Monday, November 8, 2010

Life and Its Relative Value

Oscar Grant was a father. He was a son and a brother. Oscar Grant did what a lot of young men do. He got into some stupid trouble. Then he got into some more stupid trouble. And he served his time, which is how things are supposed to work. Commit crime, pay your debt, go on with your life.

But Oscar Grant doesn’t have a life to go on with does he? He’s dead. Shot in the back in a tragic moment.
There are a lot of things that need to be said about this incident. A lot of them are broad social and/or political points that very much need to be made. I’m going to do my best to make some of them in a logical coherent fashion but while I’m doing that and whenever you talk or think about this incident I want you to remember two things.

Oscar Grant is not a political football. He isn’t some point to be scored in a debate. He was a man. This is what he looked like.

The child that he is holding in this picture is, I believe, his daughter. She was 2 years old when her daddy died. At that age, you don’t remember a lot of important things, like the way your father sounded when he told you that he loved you, the look in his eyes when he held his baby girl, the kind of person he was. Oscar Grant’s daughter will never know what it was like to hear her father’s voice, look in his eyes. She may form an idea of what he was like but that will be from stories. She will never know him.

That, more than anything else is what matters in this story; the lives that have been so irreparably damaged by these events. That’s what you need to keep in mind.
Now to the issues.

Here are the facts of the case as far as I understand them:
It was New Year’s Eve. Lots of people were on the street and in the subway. Lots of people were rowdy. Cops know that. Hell, everyone knows that. It’s just common sense.

Some people were fighting on the subway.

Grant and another man ran back onto the train after being detained, but Grant voluntarily returned to the platform when Officer Tony Pirone grabbed the other man and dragged him from the train.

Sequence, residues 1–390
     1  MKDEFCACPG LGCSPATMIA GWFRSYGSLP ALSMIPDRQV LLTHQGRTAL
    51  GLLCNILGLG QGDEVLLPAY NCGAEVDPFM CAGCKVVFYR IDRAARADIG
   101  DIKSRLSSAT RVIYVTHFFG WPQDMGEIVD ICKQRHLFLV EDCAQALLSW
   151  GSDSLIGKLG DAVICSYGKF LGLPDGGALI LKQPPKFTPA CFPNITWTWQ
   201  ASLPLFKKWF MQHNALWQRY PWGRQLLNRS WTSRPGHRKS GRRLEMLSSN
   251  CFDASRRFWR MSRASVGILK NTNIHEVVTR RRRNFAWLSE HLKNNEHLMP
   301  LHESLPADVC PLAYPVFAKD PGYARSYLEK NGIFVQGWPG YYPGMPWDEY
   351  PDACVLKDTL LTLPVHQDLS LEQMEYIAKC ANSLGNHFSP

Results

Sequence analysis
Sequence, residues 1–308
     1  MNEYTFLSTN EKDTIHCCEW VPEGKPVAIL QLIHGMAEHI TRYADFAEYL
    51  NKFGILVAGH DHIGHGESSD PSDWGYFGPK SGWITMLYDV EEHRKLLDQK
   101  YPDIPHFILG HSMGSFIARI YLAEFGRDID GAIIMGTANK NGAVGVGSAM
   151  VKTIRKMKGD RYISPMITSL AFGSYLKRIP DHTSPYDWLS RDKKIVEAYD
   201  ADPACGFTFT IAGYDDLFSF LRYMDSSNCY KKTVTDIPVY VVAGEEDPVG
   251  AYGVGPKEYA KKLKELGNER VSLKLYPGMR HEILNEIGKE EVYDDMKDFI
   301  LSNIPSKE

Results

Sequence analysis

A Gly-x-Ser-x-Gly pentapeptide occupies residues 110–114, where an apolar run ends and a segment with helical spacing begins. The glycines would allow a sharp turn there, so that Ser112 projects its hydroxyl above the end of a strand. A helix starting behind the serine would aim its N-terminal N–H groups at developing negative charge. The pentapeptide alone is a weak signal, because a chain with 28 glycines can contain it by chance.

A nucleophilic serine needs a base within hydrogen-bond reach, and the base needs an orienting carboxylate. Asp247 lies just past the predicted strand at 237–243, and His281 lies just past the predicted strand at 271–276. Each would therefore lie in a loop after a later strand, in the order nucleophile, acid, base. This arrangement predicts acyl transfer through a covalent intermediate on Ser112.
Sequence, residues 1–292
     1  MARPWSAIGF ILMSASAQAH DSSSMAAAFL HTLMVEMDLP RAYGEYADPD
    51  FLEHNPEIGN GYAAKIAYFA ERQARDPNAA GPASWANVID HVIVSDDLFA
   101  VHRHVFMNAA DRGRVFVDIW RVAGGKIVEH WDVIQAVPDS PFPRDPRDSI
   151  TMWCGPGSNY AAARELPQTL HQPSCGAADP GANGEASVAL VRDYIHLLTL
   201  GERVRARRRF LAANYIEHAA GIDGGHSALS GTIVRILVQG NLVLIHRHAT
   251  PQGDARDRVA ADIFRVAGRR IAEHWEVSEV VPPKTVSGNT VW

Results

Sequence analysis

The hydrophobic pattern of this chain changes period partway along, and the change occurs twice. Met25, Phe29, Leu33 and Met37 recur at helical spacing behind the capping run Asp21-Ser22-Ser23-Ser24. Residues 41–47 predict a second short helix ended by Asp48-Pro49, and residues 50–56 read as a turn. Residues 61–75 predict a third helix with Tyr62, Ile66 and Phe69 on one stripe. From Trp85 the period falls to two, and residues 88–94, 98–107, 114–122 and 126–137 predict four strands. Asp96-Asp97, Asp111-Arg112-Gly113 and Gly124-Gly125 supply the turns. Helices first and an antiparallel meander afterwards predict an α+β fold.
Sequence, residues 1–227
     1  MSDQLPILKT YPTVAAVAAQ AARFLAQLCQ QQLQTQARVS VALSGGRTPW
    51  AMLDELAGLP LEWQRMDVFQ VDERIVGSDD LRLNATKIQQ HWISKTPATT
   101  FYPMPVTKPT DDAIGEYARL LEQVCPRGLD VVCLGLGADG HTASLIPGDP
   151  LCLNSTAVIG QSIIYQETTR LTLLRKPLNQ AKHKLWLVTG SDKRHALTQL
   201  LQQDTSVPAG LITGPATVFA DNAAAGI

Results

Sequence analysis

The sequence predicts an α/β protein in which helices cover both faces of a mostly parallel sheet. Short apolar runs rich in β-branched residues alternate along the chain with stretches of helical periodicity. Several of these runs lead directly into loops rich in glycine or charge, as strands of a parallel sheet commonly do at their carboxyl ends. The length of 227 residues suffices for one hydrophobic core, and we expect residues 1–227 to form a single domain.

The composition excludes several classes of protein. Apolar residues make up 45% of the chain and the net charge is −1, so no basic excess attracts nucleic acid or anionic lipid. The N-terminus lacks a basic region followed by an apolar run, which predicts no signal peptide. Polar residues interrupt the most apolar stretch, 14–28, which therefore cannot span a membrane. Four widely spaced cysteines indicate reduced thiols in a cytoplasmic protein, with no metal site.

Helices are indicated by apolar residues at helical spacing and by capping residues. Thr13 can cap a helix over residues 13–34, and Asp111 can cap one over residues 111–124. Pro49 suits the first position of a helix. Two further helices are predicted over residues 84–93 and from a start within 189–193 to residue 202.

Officers removed Grant and several other men suspected of fighting from the train and detained them on the platform.

According to Mehserle's motion for bail, Pirone confirmed with the train operator that the men detained were involved in the fight. However, this has been disputed by every witness who isn’t a police officer.

A cell-phone video broadcast on local television station KTVU on January 23 showed what appeared to be Pirone rushing towards Grant and punching him in the face several times two minutes before he was shot.

Witnesses testified that Pirone was the aggressor during the incident.

Additional footage from a cell phone was presented in court showing Pirone standing over the prone Grant before the shooting and yelling: "Bitch-ass nigger."
In his past, Grant had been tazed.

In the process of detaining Oscar Grant’s friends they threatened them with tasers.
More than one witness has stated that Grant begged the officers not to taze him and his friends.

The police officers bellied Oscar Grant, but could not apparently get control of his hands.

As a result Officer Mehserle grabbed what I honestly believe he thought was his taser.

He pointed and pulled the trigger.

One bullet entered Oscar Grant’s back, passed through his body ricocheted off of the concrete and entered Grant’s body again.

Officer Mehserle’s reaction clearly indicated that he did not intend to shoot Oscar Grant.

That does not, in my mind, change a damned thing.

There are several aspects of this case that are simply wrong.

WHAT THE FUCK WAS BART THINKING? Why the hell are they using trigger grip tasers?
Why did they pull those guys off of the train in the first place? There had been weapons found and taken from young Black men earlier in the evening but not from these men. The officers claim that it was confirmed that these were the men who were fighting but everyone who doesn’t have a vested interest in protecting the officers disputes that.

Why did the BART authorities act in the way they did after the fact, demonizing the victim and later the people who protested the event? Those protests were largely peaceful.

Why so many lies and attempts to abrogate responsibility?

Why, above all else, did the jury return a verdict of guilty only on the charge of involuntary manslaughter? While I believe that Officer Mehserle did not intend to shoot Oscar Grant the fact is that he did mean to do him harm. The man was begging for the officers not to taze him. After they had, as far as I can tell, already used excessive force, they decided to jump the shark and hit him with the taser too?
You can, and are in some cases mandated, to do more time for a property crime than the guilty party in this case will do.

Aside from the obvious legal issues there are the social ones. More than one person has mentioned the history of race related violence is San Francisco including one man, in the 1960s who was shot while surrendering, and several others more recently, including one person who was handicapped and in a wheelchair.

So, more than one person has had their life taken by police in Oakland. And a not small portion of those people have been something other than Caucasian. And today, a judge, as a direct result of the actions of a California jury told the whole world that this man’s life was worth less than many types of property in that state.
Why is that acceptable anywhere, ever?

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